from Wiktionary, Creative Commons Attribution/Share-Alike License
- n. A large drinking cup with two handles
- n. A fountain or basin in the courtyard of an ancient church for worshippers to wash before entering
from The Century Dictionary and Cyclopedia
- n. In classical antiquity, a widemouthed cup or vase, with a foot, and two handles rising above the rim. It was used especially for drinking wine.
- n. [LL.] A fountain or cistern in the atrium or courtyard before ancient and some Oriental churches, where persons could wash before entering the church; a laver. Now generally called phiale.
- n. [capitalized] [NL.] A genus of acanthopterygian fishes, of the family Sparidæ. C. griseus, a British species, is known as the black bream, or black sea-bream. Cuvier, 1829.
- n. [capitalized] [NL.] A genus of mollusks.
- n. A chandelier used in churches, described as a disk of metal having candles fixed upon it.
At last he seized a brimming cantharus by its rings, raised it straight up into the air with his outstretched arms, from which his chains hung down, and then looking to heaven, and still holding the cup he said:
All insects that slough at all slough in the same way; as the silphe, and the empis or midge, and all the coleoptera, as for instance the cantharus-beetle.
The cantharus or scarabeus rolls a piece of dung into a ball, lies hidden within it during the winter, and gives birth therein to small grubs, from which grubs come new canthari.
St. Paul's basilica there was a cantharus, restored by Pope Leo I, of which the saint writes thus to Ennodius;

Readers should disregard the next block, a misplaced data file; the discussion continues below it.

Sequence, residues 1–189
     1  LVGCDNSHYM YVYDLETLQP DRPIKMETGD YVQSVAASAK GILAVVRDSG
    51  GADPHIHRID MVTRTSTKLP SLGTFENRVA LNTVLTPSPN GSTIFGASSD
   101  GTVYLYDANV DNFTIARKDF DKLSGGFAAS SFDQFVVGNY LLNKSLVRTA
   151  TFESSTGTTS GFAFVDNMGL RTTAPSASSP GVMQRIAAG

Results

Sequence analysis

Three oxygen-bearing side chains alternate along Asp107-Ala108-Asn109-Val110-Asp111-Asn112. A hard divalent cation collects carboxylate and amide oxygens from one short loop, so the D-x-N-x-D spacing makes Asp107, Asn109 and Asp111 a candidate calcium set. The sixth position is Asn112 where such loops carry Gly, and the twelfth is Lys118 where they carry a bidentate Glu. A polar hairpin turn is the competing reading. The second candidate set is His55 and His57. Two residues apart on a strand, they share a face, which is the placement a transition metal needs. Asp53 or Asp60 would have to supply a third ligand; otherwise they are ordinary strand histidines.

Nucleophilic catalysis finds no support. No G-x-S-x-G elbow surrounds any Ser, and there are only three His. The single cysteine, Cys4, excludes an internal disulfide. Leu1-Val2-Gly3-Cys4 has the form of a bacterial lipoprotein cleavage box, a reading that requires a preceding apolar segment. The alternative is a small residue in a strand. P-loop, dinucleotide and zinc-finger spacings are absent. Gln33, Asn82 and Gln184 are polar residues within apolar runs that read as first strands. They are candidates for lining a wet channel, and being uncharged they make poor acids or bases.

Madame could not have chosen better foils for her own voluptuous style than the three women, all angles -- looking as she always did, as though she had been visiting Vulcan, and feeding on the red-hot coals beneath his hammer, while quenching her thirst from a cantharus given her by the hand of Bacchus himself.
We find that they were also used in the ceremonies of the Mysteries, for we see their forms represented on the vases themselves: Bacchus frequently holds a cantharus, Satyrs carry a diota.
He is usually exhibited as over-laden with wine, and seated on a saddled ass, upon which he supports himself with a long staff in the one hand, and in the other carries a _cantharus_ or jug, with the handle almost worn out with frequent use.
They brandished frontal bones, the dismembered quarters of kids and goats; they struck the bronze cantharus, they tossed the silver obba up aloft.
When the atrium of the Christian basilica was reduced to the proportions of a narrow court or a simple porch, the cantharus gave way to a less pretentious structure.
It is now only exceptionally that the cantharus is found doing service as a holy water font, mainly at Mount Athos, where the phiala of the monastery of Laura stands near the catholicon in front of the entrance and is covered by